Angels Landing

 
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I didn't make it to the top of Angels Landing. I debated writing about the hike and letting you draw your own conclusions, omitting the fact that I didn't get to the top and letting images fill in the blanks. I mean, if I'm going to start hiking at 4am, I am probably badass enough to finish the hike, right?

Nope. I didn't.

I got through the first several sets of chains and paused at a place where you have to scoot on your butt, no chains, sheer drop-off 1700+ feet to the valley floor on either side, the last part of the steep saddle before making that harrowing climb to the top.

As daylight broke, I watched as my husband slid down on his butt and I just started sobbing hysterically.

My whole body said no.

My entire being said no.

I cried and cried and cried and Barry stood there patiently. "I'm feeling feelings right now and until I identify what they are, I don't feel safe continuing," I said.

As I cried, I took deep breaths and scanned my body and mind to see what was happening. I held onto this last pole and wailed.

Tears of gratitude. For making it to this place with this man in this body.

Tears of deep pain, anticipating a reaction from my father that my husband would never even dream of having - that me stopping is "sabotaging the mission" and ruining this experience.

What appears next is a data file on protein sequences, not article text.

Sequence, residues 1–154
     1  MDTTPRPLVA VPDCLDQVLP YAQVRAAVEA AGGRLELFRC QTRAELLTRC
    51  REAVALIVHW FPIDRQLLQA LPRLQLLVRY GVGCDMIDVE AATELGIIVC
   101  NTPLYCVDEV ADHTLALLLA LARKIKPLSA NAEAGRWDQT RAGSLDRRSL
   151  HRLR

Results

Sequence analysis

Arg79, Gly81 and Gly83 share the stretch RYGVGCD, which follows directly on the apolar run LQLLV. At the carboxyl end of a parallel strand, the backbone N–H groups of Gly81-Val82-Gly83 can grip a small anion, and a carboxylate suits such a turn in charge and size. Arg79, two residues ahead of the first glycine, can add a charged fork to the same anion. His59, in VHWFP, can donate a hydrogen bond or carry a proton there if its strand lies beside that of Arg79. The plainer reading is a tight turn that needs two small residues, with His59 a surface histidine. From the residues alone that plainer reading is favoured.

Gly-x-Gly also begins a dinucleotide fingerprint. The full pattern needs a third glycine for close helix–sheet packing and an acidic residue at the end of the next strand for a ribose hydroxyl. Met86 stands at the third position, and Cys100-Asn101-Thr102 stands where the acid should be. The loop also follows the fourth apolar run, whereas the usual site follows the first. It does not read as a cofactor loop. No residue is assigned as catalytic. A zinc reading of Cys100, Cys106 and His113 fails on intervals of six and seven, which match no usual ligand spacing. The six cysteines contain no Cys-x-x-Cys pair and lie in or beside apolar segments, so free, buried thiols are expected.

Tears for being so in tune with my body: knowing these tears are currently distracting me from the full focus required to execute this hike.

Feeling my feelings is allowing the frigid wind to rapidly cool down my sweaty body, my back soaked from 21 brutal switchbacks. Feeling my feelings is allowing the wind to make my hands numb, even with gloves on. Feeling my feelings is giving me pause to know that my legs are wobbly, like they were after doing stadiums while on the women's rowing team at the University of Kansas.

If my legs are wobbly, my hands are frozen, and my mind is distracted - for the first time in my life - I'm not going to push. I'm not going to suck it up and take one for the team. I'm going to listen to the alarm bells.

I already know I can do hard things, and today I will turn around, 0.3 miles from the top, and live to do another hard thing another day.

 
 

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